Today, what Osborne prided himself was a smart move will be launched to put Labour on the back foot by challenging it to vote against his bill cutting benefits and tax credits by 4% in real terms over the next 3 years and thus be portrayed as the scroungers’ friend. He misjudged.
Labour will rightly vote against the bill which is deeply unfair, but it has also given the party a perfect opportunity to argue the profound injustice of making the poorest sections of the population bear the overwhelming burden of cutting the deficit caused by the bankers’ recklessness whilst the rich who did cause it get off virtually scot-free. And Labour has also devised an alternative proposal to rebut any charge that it’s soft on the workshy.
This proposal is a variant on a DWP scheme which is aimed to get the long-term unemployed claiming JSA for more than 2 years back to work. Either they should accept 6 months’ intensive support from a dedicated Jobcentre Plus adviser, or they should take a place on a community action programme involving work for 30 hours a week for 6 months.
Labour is proposing that all persons over 25 who have been without a job for at least 2 years (about 130,000 persons) should be required to take up a government-provided job for 6 months or lose benefits (for 3 months after the first refusal and for 6 months after the second). The £1bn cost of subsidising these jobs would be paid for by cutting the tax relief on pension contributions from 45% to 20% for those earning over £3,000 a week. This scheme would supplement the already announced new jobs fund programme offering work to 18-24 year olds unemployed for at least a year, to be funded by a tax on bankers’ bonuses.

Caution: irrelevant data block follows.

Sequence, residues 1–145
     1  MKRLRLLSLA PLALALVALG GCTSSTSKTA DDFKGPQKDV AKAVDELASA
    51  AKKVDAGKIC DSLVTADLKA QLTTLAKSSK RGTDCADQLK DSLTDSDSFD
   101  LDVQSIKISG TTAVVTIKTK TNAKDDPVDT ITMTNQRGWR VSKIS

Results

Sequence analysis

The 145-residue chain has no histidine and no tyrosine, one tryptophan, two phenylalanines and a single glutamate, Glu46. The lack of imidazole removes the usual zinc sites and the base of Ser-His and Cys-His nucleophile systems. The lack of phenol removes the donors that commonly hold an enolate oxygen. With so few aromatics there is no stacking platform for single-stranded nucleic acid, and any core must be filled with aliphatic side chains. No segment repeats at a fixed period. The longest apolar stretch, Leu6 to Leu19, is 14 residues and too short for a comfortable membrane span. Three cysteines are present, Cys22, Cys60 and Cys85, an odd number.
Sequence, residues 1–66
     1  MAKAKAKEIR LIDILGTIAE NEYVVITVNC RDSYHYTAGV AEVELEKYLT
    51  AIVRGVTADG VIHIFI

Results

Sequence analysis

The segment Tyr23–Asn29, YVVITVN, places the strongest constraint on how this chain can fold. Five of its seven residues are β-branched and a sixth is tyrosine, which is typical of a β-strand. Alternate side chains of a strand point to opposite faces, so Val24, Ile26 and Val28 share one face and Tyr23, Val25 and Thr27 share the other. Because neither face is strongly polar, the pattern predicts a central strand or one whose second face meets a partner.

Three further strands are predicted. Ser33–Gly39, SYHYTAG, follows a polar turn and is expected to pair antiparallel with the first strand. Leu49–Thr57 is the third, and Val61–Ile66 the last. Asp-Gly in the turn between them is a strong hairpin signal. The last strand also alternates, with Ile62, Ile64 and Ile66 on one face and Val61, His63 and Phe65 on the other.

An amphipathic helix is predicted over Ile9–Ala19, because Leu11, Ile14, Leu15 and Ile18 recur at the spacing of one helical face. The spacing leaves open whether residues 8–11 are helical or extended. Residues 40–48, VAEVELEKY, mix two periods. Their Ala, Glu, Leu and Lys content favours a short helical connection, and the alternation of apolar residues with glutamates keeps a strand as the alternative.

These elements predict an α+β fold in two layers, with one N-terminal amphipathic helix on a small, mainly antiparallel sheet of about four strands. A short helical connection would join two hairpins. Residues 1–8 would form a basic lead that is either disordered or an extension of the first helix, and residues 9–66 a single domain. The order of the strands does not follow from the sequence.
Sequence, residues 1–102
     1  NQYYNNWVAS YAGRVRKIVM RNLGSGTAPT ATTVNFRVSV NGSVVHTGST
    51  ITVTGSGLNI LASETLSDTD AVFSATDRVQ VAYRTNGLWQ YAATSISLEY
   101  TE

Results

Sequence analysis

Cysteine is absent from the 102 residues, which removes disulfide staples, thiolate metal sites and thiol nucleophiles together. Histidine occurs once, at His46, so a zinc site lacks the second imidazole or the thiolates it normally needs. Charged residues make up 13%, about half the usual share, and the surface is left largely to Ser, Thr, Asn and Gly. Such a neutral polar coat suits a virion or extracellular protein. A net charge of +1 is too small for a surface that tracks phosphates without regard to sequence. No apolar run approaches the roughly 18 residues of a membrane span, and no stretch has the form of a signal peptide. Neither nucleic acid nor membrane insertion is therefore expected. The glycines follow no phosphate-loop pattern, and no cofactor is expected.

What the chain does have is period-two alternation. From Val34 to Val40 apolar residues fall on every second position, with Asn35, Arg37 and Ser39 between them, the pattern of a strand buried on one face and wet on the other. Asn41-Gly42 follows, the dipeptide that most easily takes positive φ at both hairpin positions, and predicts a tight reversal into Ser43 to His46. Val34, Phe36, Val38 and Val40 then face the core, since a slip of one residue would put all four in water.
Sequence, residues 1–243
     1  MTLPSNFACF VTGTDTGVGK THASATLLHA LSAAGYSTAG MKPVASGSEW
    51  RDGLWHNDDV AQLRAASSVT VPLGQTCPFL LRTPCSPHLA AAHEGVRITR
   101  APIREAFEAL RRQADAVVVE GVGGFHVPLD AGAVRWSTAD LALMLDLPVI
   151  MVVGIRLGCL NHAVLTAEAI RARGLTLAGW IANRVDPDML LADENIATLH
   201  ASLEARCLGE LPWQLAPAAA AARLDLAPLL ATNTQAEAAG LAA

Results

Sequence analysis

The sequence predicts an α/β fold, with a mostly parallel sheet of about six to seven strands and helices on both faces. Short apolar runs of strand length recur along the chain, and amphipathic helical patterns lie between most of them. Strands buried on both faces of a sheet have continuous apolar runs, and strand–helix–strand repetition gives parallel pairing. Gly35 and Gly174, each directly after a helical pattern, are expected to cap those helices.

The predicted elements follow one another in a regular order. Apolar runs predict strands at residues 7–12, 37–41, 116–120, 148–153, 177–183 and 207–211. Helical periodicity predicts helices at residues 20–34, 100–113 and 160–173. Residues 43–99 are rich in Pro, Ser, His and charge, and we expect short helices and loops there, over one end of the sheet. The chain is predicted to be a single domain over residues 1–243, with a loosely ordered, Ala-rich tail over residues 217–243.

Labour’s scheme not only offers an effective political rebuttal to the mischievous propaganda of Osborne and IDS, but points to a much better way of resolving the deficit – by reducing benefit expenditure and providing opportunities for work. Some might think the 3-6 month suspension of benefits unduly draconian, but the scheme should allow for suitability of the work, intensive support where necessary to assist the return to work, and some training to ensure that participants are not permanently stuck in dead-end jobs.
The Tory plan however falls foul on at least two counts: two-thirds of those on tax credits are in work already, and cutting both benefits and tax credits undermines aggregate demand which the economy needs now like a hole in the head.
But the real case against Osborne is that the super-rich should be made to pay, not the poor. The poor are being hit not only bu 4% real terms benefit cuts, but also by severe cuts in housing benefit, disability cuts, council tax benefit cuts, and the VAT increase to 20%. The super-rich by contrast have been protected by Osborne from bearing any responsibility whatsoever and have even been cosseted by a 5% income tax cut – despite having made huge wealth gains since the crash in 2008-9 (£155bn for the richest thousand persons in the UK according to the Sunday Times).